By Capt. W. Russ Webster, USCG (Ret.)
Similar to other careers, culinary arts has standards that are supported with an exam process that establishes credibility. To culinary arts students, the ServSafe safety exam is a critical component for any serious food professional. Passing the exam is a gateway to higher wages for some and a requirement for SMCC’s two-year Culinary Arts degree. Test takers must pass the 90-question test with a 75-percent grade or higher. So, why are so many students — as many as 30 or 40 percent of them — having to take the exam more than once?
To better understand the issues, I spoke to my fellow Culinary Arts students and tracked my own successes and failures in the approach to the exam. At 62 years young and with previous schooling under my belt, Chef Rascati, the CULA 100 Food Safety course administrator, told me I could have skipped the course and just “taken the exam.” Having taken most of the CULA 100 course at this writing, I can assure readers that “I could not have passed the ServSafe exam without having been in the chef’s course.” But, I’m a baby boomer.
It’s important to note that I studied like other students over 40 — I read everything, attended every class, got a grasp of concepts, did the Pearson online practice quizzes and took ServSafe’s study test. So, why did so many of my classmates, especially millennials, have difficulty passing the class? One 20-year-old student freely admitted to me that he “just didn’t study until the night before the exam.” Several students were flummoxed by the Pearson online learning modules and ServSafe’s practice test.
My own experience with Pearson’s online “dynamic” learning module exposed a flaw in the system where if you got the question wrong, the system just kept asking you the same question until you got it right. A more valid system that tested “concepts” would replace the original question with a different but similar question in the same learning area.
My approach to learning was clearly different from the other students, who were 40 years my junior. The younger students, to a fault, relied heavily on the online practice tutorials to pass the exam. Chef Rascati had told her students, “Study this, it’s on the exam.” And, often, it was. But, answering the exam question about the minimum internal cooking temperature for hot-held macaroni and cheese meant you had to know the concept that mac and cheese fits into the grains (rice, pasta) category.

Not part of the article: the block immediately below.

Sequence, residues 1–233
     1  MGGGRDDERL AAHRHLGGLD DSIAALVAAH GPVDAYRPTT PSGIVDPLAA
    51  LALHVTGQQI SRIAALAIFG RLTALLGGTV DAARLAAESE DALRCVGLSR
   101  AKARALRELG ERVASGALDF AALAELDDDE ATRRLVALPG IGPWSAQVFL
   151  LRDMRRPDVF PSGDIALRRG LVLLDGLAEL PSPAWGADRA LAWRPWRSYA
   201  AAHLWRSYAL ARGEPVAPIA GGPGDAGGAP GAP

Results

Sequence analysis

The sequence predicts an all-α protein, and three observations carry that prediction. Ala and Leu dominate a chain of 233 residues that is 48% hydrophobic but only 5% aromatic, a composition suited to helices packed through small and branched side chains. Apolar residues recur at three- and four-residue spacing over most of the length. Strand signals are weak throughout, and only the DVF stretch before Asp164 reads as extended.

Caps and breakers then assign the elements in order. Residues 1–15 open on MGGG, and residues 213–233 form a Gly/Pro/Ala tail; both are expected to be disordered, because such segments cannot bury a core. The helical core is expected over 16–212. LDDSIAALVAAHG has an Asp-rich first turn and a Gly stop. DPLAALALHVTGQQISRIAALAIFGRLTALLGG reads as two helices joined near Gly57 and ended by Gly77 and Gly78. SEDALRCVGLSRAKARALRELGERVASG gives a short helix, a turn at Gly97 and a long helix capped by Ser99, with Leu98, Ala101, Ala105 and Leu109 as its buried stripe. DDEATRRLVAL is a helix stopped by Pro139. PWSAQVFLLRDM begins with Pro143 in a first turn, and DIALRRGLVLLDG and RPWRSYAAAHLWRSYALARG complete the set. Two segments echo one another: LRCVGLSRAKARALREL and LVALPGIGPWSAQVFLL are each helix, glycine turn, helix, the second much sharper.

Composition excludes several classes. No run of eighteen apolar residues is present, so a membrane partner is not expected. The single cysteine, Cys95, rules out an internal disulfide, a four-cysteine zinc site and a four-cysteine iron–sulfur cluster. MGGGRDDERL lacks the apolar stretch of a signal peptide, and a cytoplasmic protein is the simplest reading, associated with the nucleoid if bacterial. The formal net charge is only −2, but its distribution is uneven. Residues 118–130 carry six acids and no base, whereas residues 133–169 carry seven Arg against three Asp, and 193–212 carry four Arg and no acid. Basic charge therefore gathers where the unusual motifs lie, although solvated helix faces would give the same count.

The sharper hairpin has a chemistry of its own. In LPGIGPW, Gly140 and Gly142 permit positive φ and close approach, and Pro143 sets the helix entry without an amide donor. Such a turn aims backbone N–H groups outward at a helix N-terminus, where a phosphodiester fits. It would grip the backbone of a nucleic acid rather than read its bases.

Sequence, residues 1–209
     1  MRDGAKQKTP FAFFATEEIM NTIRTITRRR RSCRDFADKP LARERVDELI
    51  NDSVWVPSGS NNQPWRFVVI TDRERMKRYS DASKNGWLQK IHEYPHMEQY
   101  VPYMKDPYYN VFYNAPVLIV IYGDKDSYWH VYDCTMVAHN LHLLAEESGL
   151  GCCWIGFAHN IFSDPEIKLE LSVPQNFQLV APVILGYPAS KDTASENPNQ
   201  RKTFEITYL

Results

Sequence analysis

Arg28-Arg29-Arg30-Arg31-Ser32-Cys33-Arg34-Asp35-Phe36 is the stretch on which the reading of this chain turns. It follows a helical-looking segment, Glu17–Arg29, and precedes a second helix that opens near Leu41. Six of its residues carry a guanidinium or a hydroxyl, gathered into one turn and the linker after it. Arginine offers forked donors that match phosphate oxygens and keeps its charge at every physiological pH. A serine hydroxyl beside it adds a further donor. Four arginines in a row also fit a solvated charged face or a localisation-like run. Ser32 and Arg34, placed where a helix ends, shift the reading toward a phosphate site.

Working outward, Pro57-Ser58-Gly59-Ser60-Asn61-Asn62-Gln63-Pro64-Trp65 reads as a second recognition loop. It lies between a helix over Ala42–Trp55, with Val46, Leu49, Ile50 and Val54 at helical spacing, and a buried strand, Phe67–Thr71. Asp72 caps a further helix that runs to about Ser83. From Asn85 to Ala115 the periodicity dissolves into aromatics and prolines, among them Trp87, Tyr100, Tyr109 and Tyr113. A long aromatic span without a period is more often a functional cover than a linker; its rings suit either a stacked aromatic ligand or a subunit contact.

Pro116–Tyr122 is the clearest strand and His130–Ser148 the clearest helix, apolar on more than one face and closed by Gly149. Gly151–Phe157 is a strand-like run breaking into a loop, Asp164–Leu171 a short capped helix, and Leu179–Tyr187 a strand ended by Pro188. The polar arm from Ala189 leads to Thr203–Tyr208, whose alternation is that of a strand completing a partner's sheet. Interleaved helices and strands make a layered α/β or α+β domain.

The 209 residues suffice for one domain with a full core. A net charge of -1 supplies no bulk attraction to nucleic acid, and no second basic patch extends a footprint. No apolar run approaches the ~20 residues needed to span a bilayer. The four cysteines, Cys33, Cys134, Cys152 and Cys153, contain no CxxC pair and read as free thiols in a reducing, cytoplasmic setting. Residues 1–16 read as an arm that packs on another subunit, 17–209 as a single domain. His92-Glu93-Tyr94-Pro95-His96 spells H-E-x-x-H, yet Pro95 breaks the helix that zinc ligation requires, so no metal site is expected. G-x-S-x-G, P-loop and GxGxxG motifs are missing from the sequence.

But, not every failure can be ascribed to generational learning differences and faulty online learning resources. I spoke to another chef, who made me aware that food-safety-exam “pass rates” for focused ServSafe-sponsored courses were much higher than SMCC student pass rates — as high as 80 percent. When I queried why, the answer was complex, and on some level, disturbing. The chef asked me to consider who was paying for the college course and what the motivations might be for the student versus for the outside culinary professional.
When I dug deeper, the chef explained that outside students had already been in the industry for a while, whereas most Culinary Arts students were just getting started in their understanding of food concepts. And, the outside students had added motivations to pass in many cases because a successful exam often meant an immediate bump in pay.
I’m still left with questions about responsibilities in the ServSafe exam dilemma. If the disconnect between online food safety learning resources is known, who has the responsibility to address the issue? SMCC certainly should advocate for more advanced technical resources that help new generations of learners. Pearson, the online vendor, should address the shortfall with more realistic questions provided by ServSafe. And, students should accept responsibility for knowing the concepts and doing whatever is necessary to “get it,” including forming a study group with some over-40 old farts.